Visiting Battlefields: The Battle of Tolbiac
Posted by Denny Koch on June 20, 2015
It’s time for a new “Vising Battlefields” report!
We were on our way to the city of Zülpich (once a Roman vicus named “Tolbiacum“, dating back to the 1st century BC) to visit the Roman thermae (baths), which are still in excellent shape and very well presented in the “Museum of Bathing Culture”.
On our way through the plains of the Zülpicher Börde – an area strongly dominated by agriculture and the Rhenish brown coal fields -, we came upon a large field with a striking granite stele. This stirred our interest and we pulled over to investigate the place. Close to the country road was a bronze plate and we learned that this was the original site of the Battle of Tolbiac, the famous battle of Clovis I (German: Chlodwig I) and his Franks against the combined tribes of the Alamanni (whose leader is unknown).
This was one of the decisive battles in late antiquity because it was the main reason why the Franks converted to Christianity – thus opening the way for Charlesmagne and his deep impact on European history some centuries later. Clovis’ victory led to the foundation of the Merovingian Frankish Empire.
The battlefield is located between the villages of Langendorf and Wollersheim North of Bundesstraße (Federal Highway) 256, close to Zülpich and about 60 km East of the German-Belgian border.
Zülpich, or Tolbiacum, was located in the Roman province of Germania inferior at an important Roman crossroads – similar to the Belgian town of Bastogne – because all major Roman roads met here: The Via Agrippa, connecting Trier (Augusta Treverorum, the second largest city in the Roman Empire, therefore also called Roma Secunda) with Cologne (Colonia Claudia Ara Agrippinensum), as well as roads to the Lower Rhine to Xanten (Colonia Ulpia Traiana) via Neuss (Novaesium), to Bonn (Bonna) and Jülich (vicus Iuliacum).
Because of its strategical and logistical importance, Tolbiacum flourished during Roman times and was an important location for hostels, horse changing stations and trade. The public baths (Thermae) were very luxurious, especially in these remote parts of Germania inferior. Today, they are among the best preserved Roman baths North of the Alps and well worth a visit!
During the 5th century, the entire region suffered under repeated German invasions where German tribes from the areas East of the Rhine raided the cities and villages of the Western provinces. Eventually, Rome withdrew from this area, and combined German tribes advanced into these lands (which were originally inhabited by a local Celtic population like the Eburoni, who were eradicated by Iulius Caesar during the Gallic War, or the Treveri, who dominated the areas between the Eifel, Moselle, and Ardennes region for centuries) as well as Rome-loyal Germanic tribes like the Ubii.
The Battle of Tolbiac
The year of the Battle of Tolbiac (German: Schlacht von Zülpich) is not undisputed – most sources date it back to the year 496 AD, but there are also sources which claim that the Battle was fought in 506 AD. The battle is also known as the “Battle of Conversion” (German: Bekehrungsschlacht).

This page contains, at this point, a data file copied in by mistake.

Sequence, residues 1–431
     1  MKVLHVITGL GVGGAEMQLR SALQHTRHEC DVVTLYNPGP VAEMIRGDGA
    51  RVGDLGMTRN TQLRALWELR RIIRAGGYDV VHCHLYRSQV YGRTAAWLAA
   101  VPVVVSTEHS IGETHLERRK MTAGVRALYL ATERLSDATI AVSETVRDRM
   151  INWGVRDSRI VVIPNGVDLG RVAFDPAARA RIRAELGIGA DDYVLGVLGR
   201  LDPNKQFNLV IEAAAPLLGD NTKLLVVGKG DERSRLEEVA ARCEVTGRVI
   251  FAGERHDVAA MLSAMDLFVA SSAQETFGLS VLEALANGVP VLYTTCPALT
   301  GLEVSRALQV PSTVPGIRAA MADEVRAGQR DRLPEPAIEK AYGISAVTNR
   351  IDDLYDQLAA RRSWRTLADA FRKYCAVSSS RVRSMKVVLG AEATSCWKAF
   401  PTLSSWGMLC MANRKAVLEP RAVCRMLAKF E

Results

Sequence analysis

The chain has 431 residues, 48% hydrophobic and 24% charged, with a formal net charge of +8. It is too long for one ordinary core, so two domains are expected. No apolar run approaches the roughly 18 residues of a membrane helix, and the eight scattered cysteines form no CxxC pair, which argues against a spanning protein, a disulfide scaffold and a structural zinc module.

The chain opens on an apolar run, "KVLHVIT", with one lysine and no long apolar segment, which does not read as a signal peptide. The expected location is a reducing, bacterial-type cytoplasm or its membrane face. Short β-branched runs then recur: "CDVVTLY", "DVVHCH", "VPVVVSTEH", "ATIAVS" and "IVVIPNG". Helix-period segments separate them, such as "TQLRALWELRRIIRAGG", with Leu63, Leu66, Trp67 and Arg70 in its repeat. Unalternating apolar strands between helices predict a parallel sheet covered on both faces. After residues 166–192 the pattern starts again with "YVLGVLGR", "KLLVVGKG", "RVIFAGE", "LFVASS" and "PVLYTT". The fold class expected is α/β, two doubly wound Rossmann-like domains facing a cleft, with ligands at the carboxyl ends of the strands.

It was fought between the united Ripuarian Franks (led by Sigibert of Cologne) and Salian Franks (led by Clovis I) against the attacking Alamanni, a confederation of several Germanic tribes. Since the Alamanni repeatedly raided the lands of Sigibert, he eventually called on Clovis I for help.
It was the second battle of Clovis I against the Alamanni forces; the third battle in Straßburg eventually led to the end of the Alamanni Empire.
Whether the plains near Zülpich were the actual battle site is also disputed; some researchers claim that the location was too far in the North for the Alamanni. Others argue that the Alamanni used the old Roman highways between Metz, Trier, and Cologne for their attacks against the Franks (who were also in conflict with the Visigoths under Alarich II at this time, so that the Alamanni probably considered them to be a weakened target). So Zülpich, as a Roman crossroads town, was likely on their route.
Not much is known about the battle, except that the Ripuarian Franks suffered heavy losses.The main account of the battle was written down by Gregory of Tours, a Gallo-Roman historian, bishop of Tours and leading prelate of Gaul. He is considered to be the main source for Merovingian history.
The battle was desperate, and finally Clovis I began to pray to the Christian God – the God of his wife Clotilde – after his gods apparently didn’t answer. His prayer was quite pagan, though: according to heathen custom of “do ut des” (“I give, so that You will give”), he made a special deal with the Christian God: if the Franks were victorious in this battle, he would convert to Christianity and let himself be baptized.